Ties between the United States and China have deteriorated in recent years, straining a once-promising diplomatic partnership between the world's two largest economies and sparking fears of an eventual military or economic showdown. New Economist/YouGov polling examines the views of Americans about relations with China, finding that growing shares see the country as an enemy and as an economic threat.
Americans' perceptions of U.S.-China relations have become more negative over time, particularly since the start of 2020 — near the start of the COVID-19 pandemic. Today, 40% of Americans consider China an enemy of the U.S., while 32% say it is unfriendly, 12% say it is friendly, and 5% say it is an ally.
While fewer Americans view China as an enemy (40%) than believe Russia is one (53%), when asked to choose which of the two countries presents a greater threat to U.S. national security, more say China (24%) does than say Russia does (16%). A large share – 43% – say Russia and China are equally great threats, and just 6% say neither is one.
Many Americans continue to view China as a threat to the United States, both militarily and economically: 65% say China is at least a somewhat serious economic threat to the U.S. and 57% say it is at least a somewhat serious military threat.
The share of Americans who view China as an "immediate and serious" economic threat has grown over the past five years — particularly among Republicans. Today, 36% of Republicans say this is the case, double the share who said so in 2018. Democrats' views on China as an economic threat have changed little since 2018.
One 9% of Americans see China's rapid economic rise as having been good for the U.S. Far more see it as either bad (33%) or neither bad nor good (39%). Republicans (45%) are nearly twice as likely as Democrats (25%) to describe China's economic growth as bad for the U.S.
Nearly half of Americans — 45% — say they feel threatened by China as a world superpower, while 36% say they do not feel threatened. Republicans are especially likely to feel threatened by China: 60% say they do, compared to 38% of Democrats and 39% of Independents.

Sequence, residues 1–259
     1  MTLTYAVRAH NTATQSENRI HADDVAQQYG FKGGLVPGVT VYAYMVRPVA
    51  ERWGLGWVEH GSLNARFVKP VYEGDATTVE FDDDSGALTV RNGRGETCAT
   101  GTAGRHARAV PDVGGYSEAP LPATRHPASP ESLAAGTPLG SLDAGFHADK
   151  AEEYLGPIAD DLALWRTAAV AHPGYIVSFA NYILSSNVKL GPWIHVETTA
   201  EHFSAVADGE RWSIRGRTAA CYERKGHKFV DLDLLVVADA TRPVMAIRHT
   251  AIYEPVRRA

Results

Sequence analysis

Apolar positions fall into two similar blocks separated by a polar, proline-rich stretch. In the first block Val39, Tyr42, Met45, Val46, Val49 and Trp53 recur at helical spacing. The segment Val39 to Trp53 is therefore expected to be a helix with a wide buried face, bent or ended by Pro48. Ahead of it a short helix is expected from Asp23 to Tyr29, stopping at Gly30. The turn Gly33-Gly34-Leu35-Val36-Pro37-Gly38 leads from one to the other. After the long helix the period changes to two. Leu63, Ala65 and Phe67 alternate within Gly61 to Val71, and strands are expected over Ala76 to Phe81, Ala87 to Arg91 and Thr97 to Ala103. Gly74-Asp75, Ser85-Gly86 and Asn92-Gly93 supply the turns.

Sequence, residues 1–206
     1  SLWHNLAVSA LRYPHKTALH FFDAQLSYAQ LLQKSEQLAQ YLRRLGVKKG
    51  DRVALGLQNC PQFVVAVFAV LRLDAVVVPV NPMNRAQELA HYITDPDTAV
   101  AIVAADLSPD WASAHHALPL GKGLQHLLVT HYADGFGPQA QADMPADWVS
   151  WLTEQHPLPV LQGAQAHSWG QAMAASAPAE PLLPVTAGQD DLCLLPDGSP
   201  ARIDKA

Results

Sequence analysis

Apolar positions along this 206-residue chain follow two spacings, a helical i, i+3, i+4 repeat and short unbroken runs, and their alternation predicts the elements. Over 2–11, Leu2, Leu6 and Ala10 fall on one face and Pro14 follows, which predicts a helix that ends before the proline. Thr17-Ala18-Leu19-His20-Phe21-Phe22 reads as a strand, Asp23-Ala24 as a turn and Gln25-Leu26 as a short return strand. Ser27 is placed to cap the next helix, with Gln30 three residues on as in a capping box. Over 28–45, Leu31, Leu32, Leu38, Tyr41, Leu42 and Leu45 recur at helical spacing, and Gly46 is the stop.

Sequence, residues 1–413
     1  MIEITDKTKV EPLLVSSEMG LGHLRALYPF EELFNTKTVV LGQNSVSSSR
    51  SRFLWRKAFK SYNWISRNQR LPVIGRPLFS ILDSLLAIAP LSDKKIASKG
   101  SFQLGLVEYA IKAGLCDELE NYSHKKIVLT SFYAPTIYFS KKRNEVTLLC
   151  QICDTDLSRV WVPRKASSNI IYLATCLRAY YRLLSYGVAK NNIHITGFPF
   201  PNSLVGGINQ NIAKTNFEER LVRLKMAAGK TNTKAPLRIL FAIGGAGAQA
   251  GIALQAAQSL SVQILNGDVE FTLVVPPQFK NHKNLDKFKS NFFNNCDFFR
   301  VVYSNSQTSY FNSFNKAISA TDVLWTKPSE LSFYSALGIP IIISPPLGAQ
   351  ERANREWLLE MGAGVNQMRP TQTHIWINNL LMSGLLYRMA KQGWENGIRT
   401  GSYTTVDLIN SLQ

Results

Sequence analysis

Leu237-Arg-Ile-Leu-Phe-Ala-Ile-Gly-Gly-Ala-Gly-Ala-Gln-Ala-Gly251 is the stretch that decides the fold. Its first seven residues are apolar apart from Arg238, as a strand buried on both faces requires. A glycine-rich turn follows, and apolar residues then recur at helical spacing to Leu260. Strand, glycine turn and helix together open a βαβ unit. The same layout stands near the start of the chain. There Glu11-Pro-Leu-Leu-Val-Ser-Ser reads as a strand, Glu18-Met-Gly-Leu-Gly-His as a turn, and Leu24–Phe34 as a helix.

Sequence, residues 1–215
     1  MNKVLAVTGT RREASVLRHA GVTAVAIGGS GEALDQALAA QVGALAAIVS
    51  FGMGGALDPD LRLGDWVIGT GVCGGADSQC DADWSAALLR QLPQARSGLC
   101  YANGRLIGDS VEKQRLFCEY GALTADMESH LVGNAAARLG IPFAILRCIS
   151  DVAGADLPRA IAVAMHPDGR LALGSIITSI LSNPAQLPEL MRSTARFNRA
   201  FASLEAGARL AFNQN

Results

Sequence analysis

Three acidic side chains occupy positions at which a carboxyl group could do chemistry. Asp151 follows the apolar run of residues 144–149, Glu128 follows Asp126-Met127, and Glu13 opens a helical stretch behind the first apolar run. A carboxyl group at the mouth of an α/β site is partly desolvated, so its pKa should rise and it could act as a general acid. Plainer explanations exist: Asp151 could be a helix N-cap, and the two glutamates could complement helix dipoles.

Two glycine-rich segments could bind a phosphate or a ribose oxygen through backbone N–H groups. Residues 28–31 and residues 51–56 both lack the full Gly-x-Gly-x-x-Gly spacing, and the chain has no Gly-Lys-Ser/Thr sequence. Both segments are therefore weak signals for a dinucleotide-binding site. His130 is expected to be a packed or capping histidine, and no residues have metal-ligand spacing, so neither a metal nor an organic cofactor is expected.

When it comes to managing U.S.-China relations, nearly as many favor closer ties with China (29%) as more distant ones (33%). Republicans are more likely to want more distant relations with China, while Democrats are more likely to prefer closer ones.
Can China and the U.S. both get what they want in the world, or do their interests conflict fundamentally? On this, Americans lean slightly toward conflict: 44% say the two countries' interests conflict fundamentally and 37% say they can both get what they want in the world. Younger American adults are more likely to believe that the U.S. and China can both get what they want, with nearly half of people under 45 saying this is the case. Americans 45 and older are more likely to think that the countries' interests conflict.
— Carl Bialik and Linley Sanders contributed to this article
Methodology: Respondents were selected from YouGov’s opt-in panel using sample matching. A random sample (stratified by gender, age, race, education, geographic region, and voter registration) was selected from the 2019 American Community Survey. The sample was weighted according to gender, age, race, education, 2020 election turnout and presidential vote, baseline party identification, and current voter registration status. Demographic weighting targets come from the 2019 American Community Survey. Baseline party identification is the respondent’s most recent answer given prior to June 1, 2022, and is weighted to the estimated distribution at that time (34% Democratic, 31% Republican). The margin of error for the overall sample is approximately 3%.
Image: Adobe Stock (William W. Potter)